Four hundred years ago, most daily lives in our country were determined by the calendar and the weather. In midsummer, work in field and in the shop began at dawn about four or five o’clock and ended at dusk 18 hours later; and in midwinter the working time covered the eight hours of daylight. Only when we have power cuts do we appreciate the necessity of artificial light.
Nowadays farmers might spend no more than a fortnight a year ploughing their arable fields; but in Shakespeare’s era ploughing with a team of oxen or horses was the most time-consuming and heaviest agricultural labour.
Without underground piped drainage, arable land had to be ploughed frequently to drain its surfaces. If the ground was very wet it might need several ploughings to deepen furrows and raise ridges. The plough was also necessary as a means of controlling weeds: deep and wide furrow ploughing uprooted weeds and thistles. Thirdly, in the absence of artificial fertilisers, the plough was employed to spread animal dung over fallow fields. Finally, repeated ploughing was essential for converting pasture into arable. From September through the winter and following spring ploughing might be almost continuous.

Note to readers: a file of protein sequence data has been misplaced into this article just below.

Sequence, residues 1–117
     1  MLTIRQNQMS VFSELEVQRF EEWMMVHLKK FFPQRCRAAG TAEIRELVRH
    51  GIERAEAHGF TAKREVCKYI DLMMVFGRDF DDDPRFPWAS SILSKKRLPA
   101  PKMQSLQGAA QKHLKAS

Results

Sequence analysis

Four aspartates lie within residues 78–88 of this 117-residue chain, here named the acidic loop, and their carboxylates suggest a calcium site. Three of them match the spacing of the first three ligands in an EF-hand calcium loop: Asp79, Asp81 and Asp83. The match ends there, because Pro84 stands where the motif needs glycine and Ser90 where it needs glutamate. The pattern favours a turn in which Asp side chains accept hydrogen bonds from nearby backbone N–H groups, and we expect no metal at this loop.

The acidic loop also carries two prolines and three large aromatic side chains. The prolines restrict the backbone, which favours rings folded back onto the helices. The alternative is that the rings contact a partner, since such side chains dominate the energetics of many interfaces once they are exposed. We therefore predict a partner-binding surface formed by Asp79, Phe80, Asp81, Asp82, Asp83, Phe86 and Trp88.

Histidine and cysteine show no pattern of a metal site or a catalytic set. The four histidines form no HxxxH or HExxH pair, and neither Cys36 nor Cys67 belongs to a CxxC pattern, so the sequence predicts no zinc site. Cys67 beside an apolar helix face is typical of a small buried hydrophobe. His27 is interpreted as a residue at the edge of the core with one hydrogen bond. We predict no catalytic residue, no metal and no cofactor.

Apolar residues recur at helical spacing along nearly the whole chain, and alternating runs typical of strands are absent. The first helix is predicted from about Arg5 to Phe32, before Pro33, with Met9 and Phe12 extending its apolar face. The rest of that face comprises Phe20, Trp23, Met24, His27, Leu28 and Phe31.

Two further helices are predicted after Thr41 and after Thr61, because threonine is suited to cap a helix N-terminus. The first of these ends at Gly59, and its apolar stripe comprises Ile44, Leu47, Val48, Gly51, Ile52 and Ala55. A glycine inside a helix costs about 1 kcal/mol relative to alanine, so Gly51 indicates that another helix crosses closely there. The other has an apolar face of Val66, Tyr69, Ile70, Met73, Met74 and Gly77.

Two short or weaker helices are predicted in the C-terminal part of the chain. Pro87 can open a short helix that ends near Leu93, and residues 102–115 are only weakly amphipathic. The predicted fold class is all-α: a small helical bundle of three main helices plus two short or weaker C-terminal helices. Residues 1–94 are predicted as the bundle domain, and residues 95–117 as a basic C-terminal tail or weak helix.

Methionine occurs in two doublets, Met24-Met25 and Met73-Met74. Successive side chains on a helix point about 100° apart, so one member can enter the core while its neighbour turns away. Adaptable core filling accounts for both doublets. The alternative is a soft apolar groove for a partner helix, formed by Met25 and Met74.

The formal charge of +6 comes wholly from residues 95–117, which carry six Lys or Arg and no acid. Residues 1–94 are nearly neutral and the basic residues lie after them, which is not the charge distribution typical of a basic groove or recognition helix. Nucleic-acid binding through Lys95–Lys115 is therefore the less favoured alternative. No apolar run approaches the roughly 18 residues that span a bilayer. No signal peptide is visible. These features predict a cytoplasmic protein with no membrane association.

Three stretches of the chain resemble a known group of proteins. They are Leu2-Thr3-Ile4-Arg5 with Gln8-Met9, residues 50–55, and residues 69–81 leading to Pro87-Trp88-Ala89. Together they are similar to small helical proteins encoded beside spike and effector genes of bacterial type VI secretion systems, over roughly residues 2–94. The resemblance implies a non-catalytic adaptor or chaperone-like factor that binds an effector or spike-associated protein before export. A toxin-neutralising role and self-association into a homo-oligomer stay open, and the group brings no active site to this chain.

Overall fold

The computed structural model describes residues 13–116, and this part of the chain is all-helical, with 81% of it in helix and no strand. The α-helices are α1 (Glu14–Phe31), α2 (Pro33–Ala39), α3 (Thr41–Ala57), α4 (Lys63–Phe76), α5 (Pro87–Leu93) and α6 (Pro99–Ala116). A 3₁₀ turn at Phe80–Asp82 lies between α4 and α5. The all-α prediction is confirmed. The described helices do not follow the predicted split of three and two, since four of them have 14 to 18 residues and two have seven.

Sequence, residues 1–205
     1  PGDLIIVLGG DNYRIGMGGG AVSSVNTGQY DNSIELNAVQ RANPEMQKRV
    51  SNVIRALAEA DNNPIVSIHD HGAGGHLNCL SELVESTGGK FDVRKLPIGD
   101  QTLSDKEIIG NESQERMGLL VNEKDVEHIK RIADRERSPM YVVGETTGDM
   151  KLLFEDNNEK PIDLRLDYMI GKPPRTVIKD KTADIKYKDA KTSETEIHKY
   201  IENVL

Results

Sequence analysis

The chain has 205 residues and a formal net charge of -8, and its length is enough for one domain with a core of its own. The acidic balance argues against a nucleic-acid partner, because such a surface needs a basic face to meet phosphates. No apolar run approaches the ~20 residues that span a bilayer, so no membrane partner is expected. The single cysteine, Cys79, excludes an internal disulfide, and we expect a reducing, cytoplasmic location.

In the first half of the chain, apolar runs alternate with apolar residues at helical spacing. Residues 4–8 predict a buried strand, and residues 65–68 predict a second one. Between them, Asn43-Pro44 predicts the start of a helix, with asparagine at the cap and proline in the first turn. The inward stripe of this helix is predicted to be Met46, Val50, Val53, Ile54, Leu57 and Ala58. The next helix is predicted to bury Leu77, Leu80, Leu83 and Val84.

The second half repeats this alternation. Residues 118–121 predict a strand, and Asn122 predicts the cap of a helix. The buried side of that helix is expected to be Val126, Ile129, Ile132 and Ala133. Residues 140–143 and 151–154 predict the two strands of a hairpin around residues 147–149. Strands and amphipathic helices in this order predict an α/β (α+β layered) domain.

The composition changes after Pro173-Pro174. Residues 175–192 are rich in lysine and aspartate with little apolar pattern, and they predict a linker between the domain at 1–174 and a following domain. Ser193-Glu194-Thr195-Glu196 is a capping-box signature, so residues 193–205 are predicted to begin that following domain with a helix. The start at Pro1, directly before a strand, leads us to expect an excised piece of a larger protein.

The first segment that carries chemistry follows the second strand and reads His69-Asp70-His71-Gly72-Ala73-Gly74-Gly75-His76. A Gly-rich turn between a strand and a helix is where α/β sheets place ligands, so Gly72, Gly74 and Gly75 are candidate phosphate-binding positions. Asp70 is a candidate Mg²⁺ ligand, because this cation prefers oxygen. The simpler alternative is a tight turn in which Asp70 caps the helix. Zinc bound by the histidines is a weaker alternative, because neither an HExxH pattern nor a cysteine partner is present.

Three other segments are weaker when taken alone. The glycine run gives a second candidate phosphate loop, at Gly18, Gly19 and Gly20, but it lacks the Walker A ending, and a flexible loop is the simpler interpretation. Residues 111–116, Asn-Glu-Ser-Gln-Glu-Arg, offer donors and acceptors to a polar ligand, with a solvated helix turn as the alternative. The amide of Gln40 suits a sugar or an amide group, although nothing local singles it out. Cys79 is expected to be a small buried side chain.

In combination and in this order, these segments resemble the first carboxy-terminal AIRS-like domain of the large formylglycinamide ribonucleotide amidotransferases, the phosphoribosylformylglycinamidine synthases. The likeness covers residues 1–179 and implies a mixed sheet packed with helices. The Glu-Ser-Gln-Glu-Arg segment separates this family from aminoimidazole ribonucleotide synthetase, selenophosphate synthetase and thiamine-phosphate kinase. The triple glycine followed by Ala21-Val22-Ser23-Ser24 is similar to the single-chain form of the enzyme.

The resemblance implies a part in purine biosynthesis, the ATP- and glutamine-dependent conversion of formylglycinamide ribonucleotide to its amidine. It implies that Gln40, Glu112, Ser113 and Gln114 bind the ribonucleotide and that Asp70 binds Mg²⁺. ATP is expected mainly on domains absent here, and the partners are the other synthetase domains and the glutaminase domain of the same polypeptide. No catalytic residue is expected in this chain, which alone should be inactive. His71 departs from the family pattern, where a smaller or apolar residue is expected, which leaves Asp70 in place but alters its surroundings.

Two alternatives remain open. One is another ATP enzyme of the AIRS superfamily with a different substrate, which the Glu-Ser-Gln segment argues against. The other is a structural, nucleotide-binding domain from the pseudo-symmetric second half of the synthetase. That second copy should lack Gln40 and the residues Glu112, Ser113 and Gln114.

Ploughing was man’s work: it required adult strength and endurance whether the soil was frozen, wet, dry or soft, clay or chalk. Successful ploughing required a close, co-operative bond between man and beasts, whether horses or oxen. The “taming” of young oxen to the plough was more difficult than “breaking in” horses. In traditional, open-field farming, men hired draught animals, harness and ploughshares from each other. Farming was still mostly communal and co-operative: it bonded villagers together in ways unknown in the towns.